As of then, they claimed no fewer than 30 residents had been abducted since the year started.
However, security analysts believe these incidents and the spectre of insecurity witnessed in neighbouring states like Nasarawa, Niger, Kogi, and Kaduna should have put the security operatives and the government on red alert and measures capable of averting these attacks should have been emplaced.
Compounding the fears of the residents was the leaked memo from the Nigerian Security and Civil Defence Corps, which reported a planned attack by terrorists on the FCT.
In addition to this, there has been a litany of messages on social media platforms warning residents to refrain from some places within the territory.
In recent times, the FCT has been experiencing an influx of people from other northern states as a result of the few cases of insecurity recorded in the territory compared to others. The recent attacks by terrorists have, however, put paid to that.
Some of the residents who spoke with our correspondent said they couldn’t go about their normal activities as a result of the current situation in the FCT.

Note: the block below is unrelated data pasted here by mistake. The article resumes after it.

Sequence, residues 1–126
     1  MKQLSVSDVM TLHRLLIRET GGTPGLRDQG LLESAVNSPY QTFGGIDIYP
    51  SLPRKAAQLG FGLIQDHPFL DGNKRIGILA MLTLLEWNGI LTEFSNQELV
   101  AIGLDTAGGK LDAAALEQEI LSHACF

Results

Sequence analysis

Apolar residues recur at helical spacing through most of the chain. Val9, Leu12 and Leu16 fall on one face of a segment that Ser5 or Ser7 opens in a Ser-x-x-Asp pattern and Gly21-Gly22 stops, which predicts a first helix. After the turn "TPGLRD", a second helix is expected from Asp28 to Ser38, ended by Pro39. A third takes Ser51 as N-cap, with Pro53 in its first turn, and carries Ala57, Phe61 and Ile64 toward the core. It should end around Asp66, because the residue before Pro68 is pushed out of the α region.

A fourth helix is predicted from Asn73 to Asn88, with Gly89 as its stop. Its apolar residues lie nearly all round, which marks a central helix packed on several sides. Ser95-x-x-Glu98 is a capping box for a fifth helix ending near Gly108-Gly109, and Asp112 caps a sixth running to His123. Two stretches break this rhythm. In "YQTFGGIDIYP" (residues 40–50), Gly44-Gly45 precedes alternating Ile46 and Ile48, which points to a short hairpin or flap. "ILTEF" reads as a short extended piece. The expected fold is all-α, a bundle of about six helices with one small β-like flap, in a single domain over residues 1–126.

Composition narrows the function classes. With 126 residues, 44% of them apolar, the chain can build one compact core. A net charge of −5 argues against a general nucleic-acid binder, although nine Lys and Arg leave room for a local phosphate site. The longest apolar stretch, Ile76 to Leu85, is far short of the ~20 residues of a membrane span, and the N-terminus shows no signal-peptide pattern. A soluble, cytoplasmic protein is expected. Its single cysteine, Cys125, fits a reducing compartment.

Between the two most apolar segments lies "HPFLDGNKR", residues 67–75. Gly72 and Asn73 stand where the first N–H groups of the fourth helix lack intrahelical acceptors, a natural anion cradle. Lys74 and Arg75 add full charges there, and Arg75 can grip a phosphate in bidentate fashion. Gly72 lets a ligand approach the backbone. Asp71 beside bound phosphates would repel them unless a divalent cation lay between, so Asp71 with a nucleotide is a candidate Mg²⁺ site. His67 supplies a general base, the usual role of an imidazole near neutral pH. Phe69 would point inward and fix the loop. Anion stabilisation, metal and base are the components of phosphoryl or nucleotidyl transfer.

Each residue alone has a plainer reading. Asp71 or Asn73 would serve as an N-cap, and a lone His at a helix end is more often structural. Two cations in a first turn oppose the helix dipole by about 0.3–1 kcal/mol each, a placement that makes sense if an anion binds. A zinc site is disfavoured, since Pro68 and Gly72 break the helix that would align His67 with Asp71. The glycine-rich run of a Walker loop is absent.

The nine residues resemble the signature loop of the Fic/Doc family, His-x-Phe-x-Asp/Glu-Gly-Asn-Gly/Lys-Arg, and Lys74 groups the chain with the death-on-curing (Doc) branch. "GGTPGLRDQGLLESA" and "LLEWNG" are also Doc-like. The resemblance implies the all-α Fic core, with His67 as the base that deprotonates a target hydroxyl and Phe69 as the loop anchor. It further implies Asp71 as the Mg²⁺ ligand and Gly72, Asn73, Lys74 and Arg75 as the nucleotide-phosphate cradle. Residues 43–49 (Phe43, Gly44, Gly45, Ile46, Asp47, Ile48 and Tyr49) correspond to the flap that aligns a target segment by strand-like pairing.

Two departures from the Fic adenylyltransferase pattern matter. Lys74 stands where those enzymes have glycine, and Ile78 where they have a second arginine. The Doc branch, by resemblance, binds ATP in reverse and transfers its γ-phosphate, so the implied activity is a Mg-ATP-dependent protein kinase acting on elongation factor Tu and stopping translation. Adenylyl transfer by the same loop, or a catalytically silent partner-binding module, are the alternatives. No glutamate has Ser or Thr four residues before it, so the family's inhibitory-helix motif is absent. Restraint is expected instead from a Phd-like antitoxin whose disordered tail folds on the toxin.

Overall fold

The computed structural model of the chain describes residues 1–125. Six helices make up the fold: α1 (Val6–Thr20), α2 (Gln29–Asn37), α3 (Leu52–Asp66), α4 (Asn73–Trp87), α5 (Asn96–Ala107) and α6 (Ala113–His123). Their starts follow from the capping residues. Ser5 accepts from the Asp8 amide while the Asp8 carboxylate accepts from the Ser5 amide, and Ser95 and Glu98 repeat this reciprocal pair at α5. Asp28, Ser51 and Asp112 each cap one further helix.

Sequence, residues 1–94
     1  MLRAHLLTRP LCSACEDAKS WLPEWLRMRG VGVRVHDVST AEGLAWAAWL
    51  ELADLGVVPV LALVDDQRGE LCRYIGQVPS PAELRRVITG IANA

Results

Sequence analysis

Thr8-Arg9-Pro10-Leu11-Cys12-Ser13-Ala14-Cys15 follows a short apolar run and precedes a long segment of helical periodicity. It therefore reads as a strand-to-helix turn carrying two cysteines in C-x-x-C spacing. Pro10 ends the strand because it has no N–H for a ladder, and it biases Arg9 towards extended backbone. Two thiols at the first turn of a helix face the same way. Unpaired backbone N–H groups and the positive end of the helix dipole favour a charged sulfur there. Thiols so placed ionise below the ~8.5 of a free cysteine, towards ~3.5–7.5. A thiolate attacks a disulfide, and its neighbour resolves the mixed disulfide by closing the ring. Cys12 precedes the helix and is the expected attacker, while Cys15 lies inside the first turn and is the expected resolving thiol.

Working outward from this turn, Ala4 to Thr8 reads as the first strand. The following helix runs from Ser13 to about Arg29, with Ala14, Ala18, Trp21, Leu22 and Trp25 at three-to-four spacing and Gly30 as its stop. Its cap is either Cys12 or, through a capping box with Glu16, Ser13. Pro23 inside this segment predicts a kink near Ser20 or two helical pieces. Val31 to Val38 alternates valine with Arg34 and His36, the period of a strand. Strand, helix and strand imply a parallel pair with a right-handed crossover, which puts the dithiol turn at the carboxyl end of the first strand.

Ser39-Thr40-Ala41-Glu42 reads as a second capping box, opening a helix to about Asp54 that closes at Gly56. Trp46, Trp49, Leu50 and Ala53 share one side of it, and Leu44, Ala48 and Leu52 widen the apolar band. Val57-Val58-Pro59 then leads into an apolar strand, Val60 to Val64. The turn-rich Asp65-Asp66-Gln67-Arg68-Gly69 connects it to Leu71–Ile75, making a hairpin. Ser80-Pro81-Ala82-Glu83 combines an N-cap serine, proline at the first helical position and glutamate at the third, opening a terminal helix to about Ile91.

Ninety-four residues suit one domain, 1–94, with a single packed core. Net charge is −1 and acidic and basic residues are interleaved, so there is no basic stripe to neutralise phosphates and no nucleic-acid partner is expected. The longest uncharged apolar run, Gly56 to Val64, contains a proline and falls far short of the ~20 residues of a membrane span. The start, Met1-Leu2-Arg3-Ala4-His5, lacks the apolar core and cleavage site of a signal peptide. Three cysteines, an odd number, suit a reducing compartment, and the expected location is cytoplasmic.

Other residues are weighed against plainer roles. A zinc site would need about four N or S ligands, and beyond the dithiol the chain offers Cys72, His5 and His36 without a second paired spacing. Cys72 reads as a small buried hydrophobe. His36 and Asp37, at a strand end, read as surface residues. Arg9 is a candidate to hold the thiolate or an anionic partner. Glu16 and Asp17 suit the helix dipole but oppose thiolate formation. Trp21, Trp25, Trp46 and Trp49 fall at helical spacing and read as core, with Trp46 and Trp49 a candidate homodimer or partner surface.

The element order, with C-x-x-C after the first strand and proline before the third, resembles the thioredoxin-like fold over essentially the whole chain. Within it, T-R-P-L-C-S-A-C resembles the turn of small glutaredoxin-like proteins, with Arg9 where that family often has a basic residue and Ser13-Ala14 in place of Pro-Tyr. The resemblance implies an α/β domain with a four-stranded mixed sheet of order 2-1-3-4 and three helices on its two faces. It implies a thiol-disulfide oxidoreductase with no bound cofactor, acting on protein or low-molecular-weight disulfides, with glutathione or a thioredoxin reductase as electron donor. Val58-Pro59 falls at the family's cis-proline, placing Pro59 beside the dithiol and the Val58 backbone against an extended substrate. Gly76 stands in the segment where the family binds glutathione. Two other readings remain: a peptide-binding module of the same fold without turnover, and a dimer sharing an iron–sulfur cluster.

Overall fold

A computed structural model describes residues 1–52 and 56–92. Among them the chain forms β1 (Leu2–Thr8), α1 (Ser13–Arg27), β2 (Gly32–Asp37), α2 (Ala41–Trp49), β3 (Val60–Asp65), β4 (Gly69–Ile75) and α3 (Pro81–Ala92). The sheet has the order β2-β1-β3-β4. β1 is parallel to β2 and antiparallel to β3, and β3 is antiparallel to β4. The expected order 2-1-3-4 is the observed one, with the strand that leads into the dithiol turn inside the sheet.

A resident who was recently transferred to the FCT, Mrs. Adebimpe Olayinka, said she did not feel safe at the moment.
She said, “When I got transferred to Abuja, I was not bothered about security as much because the FCT was regarded as one of the safest places to stay in the country. One should not have expected anything less because that is where the seat of power is. With the recent attacks and happenings in the FCT, I feel unsafe. Our community leaders have doubled our security, but I still feel that people that successfully attack Kuje, the Presidential Guard, tell me where they cannot attack. And with the news of strange faces being seen across the FCT, it shows they have surrounded Abuja. I hope and pray it doesn’t get worse.”
A trader at Karimo Market who gave her name as Lauretta said the rising insecurity in the FCT was affecting her business.
The Nigeria Police Force said it had deployed additional assets to strategic locations within the country’s capital to avert imminent attacks.
The Force Public Relations Officer, Olumuyiwa Adejobi, stated that the Force Intelligence Bureau has been charged with gathering intelligence.
Similarly, the Guards Brigade has deployed more troops across the city to prevent another security breach.